In this image for Marvel Studios, Robert Downey Jr. portrays Iron Man in a scene in “Avengers: Infinity War.” (Marvel Studios via AP)
Even Tony Stark would be jealous.
Engineers at the University of Cincinnati along with Air Force Research Laboratory, and working on the technique, the clothing that one day the power gadgets, including a mobile phone.
Carbon technology is the core of this, including the so-called “Iron Man exoskeleton” is currently tested, which allows the power to be stored in carbon nanotubes.
The work is not easy, University of Cincinnati professor Vesselin Shanov said, as he tries to craft the “smart” materials that hopefully will one day power everything from mobile phones to aircraft.
UC student Mark Haase shows the conductivity of carbon nanotube fibers in a battery-powered light.
(Joseph Fuqua II/UC Creative Services)
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“The big challenge is to translate these beautiful properties to take advantage of their strength, conductivity and heat resistance,” Shanov said in a statement.
The nanotubes are “grown” on silicon wafers the size of a quarter and the intense heat in a vacuum chamber, in a process known as chemical vapor deposition. From there, the square is stretched and the sheet of carbon changes in a spun thread, which the researchers defined as the same as a spider’s silk and converted into a textile factory.
“It is exactly as textiles,” Shanov said. “We can assemble as a machine thread for use in applications ranging from sensors to keep track of heavy metals in the water or energy storage devices including super capacitors and batteries.”
A possible military application is to replace the heavy batteries that charge of the electronics on a soldier gear, including things like lighting, night-vision and communications equipment. This would be the soldiers to be more nimble and maneuverable, since about a third of the weight of the soldiers wear is for the batteries to power their equipment.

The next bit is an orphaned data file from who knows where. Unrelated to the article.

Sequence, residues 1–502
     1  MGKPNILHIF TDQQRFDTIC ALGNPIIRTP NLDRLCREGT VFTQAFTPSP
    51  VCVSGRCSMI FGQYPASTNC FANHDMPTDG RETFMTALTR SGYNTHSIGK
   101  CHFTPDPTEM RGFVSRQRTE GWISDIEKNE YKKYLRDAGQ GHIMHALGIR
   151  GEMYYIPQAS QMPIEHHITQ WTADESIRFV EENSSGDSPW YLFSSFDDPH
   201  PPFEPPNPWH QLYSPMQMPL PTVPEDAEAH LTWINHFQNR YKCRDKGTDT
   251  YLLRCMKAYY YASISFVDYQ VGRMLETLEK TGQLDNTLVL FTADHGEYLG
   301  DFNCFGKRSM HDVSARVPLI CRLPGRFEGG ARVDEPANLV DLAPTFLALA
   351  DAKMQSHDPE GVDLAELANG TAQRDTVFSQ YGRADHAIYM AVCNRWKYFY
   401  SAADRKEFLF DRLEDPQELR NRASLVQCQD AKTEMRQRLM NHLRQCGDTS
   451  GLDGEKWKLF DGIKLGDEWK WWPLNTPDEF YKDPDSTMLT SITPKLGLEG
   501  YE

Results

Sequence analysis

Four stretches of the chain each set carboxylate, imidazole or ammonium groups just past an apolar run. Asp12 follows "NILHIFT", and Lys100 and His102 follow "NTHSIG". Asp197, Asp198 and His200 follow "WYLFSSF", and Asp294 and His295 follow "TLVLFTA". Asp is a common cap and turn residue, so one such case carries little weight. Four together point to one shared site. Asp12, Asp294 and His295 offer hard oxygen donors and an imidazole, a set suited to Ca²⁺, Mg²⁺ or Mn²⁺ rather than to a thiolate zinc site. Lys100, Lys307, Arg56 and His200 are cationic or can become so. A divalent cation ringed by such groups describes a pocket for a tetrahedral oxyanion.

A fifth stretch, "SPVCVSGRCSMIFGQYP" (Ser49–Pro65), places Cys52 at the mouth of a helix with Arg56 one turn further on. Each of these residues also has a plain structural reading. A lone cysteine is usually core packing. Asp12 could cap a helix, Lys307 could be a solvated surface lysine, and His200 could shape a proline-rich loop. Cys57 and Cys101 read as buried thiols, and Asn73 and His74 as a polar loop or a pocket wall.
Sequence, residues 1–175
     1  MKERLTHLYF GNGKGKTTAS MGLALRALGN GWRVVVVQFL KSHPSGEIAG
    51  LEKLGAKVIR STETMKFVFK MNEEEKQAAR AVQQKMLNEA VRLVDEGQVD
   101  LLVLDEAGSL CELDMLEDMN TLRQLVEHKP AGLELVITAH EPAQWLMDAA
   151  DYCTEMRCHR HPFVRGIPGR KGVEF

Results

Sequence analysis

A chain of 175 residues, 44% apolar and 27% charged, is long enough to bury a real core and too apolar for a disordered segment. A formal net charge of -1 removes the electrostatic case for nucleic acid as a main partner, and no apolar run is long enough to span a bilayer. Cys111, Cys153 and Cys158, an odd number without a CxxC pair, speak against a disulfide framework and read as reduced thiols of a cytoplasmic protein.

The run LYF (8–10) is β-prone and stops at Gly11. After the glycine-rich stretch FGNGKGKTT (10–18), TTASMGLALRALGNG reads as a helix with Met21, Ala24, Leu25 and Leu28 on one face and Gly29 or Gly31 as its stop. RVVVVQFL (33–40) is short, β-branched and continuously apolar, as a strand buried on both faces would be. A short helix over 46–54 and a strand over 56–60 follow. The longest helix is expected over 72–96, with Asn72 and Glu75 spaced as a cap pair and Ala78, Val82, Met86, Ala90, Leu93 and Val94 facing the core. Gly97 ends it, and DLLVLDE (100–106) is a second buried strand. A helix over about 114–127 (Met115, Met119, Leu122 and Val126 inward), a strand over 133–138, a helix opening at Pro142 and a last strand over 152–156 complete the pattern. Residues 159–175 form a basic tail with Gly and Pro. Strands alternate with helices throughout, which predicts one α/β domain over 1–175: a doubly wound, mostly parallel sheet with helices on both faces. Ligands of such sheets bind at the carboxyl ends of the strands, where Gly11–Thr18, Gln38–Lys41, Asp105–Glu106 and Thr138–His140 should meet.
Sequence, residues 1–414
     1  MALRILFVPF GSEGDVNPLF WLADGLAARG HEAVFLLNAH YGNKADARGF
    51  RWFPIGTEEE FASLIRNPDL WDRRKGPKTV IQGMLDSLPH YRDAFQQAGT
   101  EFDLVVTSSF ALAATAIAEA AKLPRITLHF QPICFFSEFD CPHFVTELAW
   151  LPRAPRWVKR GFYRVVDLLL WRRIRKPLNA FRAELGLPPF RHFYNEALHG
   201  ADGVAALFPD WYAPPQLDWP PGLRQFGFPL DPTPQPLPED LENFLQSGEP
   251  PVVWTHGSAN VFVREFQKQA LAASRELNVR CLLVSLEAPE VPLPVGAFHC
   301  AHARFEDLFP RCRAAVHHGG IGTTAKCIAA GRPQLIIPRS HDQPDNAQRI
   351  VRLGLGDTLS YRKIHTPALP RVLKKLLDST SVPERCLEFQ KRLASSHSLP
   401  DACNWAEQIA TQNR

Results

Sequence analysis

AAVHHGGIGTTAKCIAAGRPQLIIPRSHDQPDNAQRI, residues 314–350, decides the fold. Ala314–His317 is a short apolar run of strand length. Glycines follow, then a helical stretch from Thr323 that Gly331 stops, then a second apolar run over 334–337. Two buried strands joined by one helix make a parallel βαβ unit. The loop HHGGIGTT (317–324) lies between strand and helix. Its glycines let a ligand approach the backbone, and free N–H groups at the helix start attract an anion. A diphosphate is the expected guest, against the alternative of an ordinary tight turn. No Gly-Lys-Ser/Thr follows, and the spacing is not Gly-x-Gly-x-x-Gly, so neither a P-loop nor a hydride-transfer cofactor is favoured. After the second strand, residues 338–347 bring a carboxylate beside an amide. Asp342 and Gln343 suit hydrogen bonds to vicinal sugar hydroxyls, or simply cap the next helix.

“Even if we can shave a little bit of that, it is a great advantage for them in the field,” said the student, Mark Haase.
More work needs to be done to get the project up to scale, said Benji Maruyama, who leads the Materials and Manufacturing Directorate at the Air Force Research Laboratory.
Currently, the lab can only get about 50 metres of carbon nanotube wire at a time, much less than what is required for commercial applications.
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“The pull of a carbon nanotube fiber from a silicon disk is good for lab-scale research, but not for making an airplane wing or flight suit,” Maruyama said.
And despite the promise of the technology (preliminary results were considered “very promising”), it is unlikely to make its way into products anytime soon, the costs are still prohibitive.
“We work with clients who care more about performance than cost. But once we perfect synthesis, scale up significantly and the costs should drop accordingly,” Haase added. “Then we will see that the carbon nanotubes spread to many, many more applications.”
In the meantime, Iron Man doesn’t need to look over his shoulder as he and the rest of the Avengers to keep the world save.
Follow Chris Ciaccia on Twitter @Chris_Ciaccia